This newsletter’s main article (Selling Consultancy into Large Organisations) reminded me of my time in a ‘big4’ consultancy (PwC) selling into Government Departments and large private sector clients. We placed great store in collateral: case studies, research and especially “methodologies”, subscribing to the widely held view that what large clients really want is the intellectual property that the consultant brings. Working to a methodology means that everybody on the team on a major assignment – consultant or client side - sticks to it and knows their place within it. Methodologies work when selling to large organisations. Later, as an independent, I promoted myself along the lines of “big4 consultancy expertise and methods without big4 costs” (“Methodologies? I helped to write them!”). But it was much more challenging to get them adopted.
As a Member of the Worshipful Company of Management Consultants (WCoMC) I have worked with a range of small and mid-size charities (pro bono and fee paying), and frankly the ‘big4’ methodologies are simply too scary and expensive for them. When it comes to charities you need a different approach: one that uses structured methodologies “under the covers”, and finds simple, agile ways of using them.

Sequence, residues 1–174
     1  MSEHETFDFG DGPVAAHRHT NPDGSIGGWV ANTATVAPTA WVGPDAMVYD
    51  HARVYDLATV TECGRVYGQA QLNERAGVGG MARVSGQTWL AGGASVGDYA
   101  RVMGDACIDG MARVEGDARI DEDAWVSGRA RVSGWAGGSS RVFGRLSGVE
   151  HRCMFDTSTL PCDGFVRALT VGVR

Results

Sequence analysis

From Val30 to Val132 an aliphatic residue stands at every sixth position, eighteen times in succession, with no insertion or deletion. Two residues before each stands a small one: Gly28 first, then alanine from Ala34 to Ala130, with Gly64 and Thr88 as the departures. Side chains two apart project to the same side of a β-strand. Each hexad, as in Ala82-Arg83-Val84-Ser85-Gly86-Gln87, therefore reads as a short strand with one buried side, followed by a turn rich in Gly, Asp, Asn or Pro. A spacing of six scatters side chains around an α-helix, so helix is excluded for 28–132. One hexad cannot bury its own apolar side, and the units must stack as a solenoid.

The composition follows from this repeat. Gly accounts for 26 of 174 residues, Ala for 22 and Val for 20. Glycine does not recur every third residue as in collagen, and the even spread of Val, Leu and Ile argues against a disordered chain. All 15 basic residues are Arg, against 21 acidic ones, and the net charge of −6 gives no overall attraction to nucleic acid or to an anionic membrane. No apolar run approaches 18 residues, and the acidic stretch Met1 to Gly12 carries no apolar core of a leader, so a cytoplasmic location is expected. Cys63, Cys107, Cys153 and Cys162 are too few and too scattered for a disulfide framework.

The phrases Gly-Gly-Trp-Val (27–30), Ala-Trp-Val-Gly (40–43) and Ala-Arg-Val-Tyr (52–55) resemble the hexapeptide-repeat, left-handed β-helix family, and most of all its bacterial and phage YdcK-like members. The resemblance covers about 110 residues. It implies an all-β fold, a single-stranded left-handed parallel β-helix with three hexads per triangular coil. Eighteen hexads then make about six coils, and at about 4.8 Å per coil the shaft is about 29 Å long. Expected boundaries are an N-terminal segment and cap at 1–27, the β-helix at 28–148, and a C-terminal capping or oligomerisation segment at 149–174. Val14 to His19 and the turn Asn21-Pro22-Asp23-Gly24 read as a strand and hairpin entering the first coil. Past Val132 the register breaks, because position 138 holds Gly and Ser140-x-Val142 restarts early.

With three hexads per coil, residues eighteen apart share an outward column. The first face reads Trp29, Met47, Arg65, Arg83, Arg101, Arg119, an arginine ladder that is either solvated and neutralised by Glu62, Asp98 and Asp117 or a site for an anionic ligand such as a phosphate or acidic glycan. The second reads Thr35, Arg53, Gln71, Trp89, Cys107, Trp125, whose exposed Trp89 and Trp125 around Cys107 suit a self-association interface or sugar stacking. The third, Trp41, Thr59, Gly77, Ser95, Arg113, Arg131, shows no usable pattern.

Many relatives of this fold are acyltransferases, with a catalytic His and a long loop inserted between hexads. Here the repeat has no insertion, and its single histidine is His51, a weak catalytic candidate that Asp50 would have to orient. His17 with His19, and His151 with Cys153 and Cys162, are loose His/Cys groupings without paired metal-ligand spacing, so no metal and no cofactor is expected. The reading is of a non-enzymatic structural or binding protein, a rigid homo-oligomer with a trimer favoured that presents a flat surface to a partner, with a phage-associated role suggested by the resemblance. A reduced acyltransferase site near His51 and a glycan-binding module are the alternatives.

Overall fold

This got me thinking about how we get things done within WCoMC – a subject of interest as I start my year as First Warden. Like CMCE, the Company is almost entirely reliant on the hard work put in by volunteers with a wealth of experience who want to get involved, but equally want to do things their own way and on their own terms. There is nothing quite so frustrating or demotivating as having volunteered to do a particular piece of work only to hear, usually from the side-lines, “don’t do it like that, do it like this!!” (i.e. “my method, not yours”).
However, a laissez-faire approach won’t work either. Some sort of structure is needed, and all our Pro Bono assignments start with the volunteer agreeing the terms of reference and approach with the client, with an Assignment Director in the loop and available to help if required: a fine line to tread. I'm sure the same considerations apply when it comes to the work of CMCE and I always observe with interest how a team of willing volunteers (and there are plenty), all pulling in the same direction but still wanting to do things their own way can be successfully forged.
First Warden and Editor of the WCoMC Newsletter.